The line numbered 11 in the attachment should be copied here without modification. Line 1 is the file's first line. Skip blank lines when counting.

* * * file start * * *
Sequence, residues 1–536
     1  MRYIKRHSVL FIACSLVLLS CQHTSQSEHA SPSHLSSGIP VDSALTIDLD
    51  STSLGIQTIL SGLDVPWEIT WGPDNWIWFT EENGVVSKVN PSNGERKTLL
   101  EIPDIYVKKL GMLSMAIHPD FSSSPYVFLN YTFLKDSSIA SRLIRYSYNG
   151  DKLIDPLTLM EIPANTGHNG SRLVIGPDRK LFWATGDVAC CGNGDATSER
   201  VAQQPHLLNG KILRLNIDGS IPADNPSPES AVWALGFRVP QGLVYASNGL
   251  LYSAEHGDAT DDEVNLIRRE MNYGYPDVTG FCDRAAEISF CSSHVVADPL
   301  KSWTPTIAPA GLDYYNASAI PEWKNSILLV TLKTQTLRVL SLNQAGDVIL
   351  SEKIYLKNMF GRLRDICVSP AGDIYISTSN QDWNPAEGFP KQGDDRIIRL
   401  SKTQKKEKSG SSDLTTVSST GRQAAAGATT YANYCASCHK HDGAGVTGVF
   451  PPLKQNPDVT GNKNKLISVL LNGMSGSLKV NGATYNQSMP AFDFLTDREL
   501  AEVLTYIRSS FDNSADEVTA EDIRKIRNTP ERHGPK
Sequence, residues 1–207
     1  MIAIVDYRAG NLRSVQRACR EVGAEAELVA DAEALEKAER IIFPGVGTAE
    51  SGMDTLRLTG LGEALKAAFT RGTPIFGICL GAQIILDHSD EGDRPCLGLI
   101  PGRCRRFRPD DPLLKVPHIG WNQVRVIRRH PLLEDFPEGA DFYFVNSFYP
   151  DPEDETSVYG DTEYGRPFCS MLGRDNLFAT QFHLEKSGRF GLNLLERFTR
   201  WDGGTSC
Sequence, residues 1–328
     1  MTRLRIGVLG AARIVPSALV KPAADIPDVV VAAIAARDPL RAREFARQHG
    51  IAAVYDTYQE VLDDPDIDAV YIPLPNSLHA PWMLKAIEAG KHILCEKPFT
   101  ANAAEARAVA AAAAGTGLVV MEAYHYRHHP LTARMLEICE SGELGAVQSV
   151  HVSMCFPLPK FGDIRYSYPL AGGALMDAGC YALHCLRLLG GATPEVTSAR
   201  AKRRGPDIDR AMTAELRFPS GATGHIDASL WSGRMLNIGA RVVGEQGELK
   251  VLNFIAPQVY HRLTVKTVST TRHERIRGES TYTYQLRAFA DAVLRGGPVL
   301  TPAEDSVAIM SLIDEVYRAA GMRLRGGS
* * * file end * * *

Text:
   451  PPLKQNPDVT GNKNKLISVL LNGMSGSLKV NGATYNQSMP AFDFLTDREL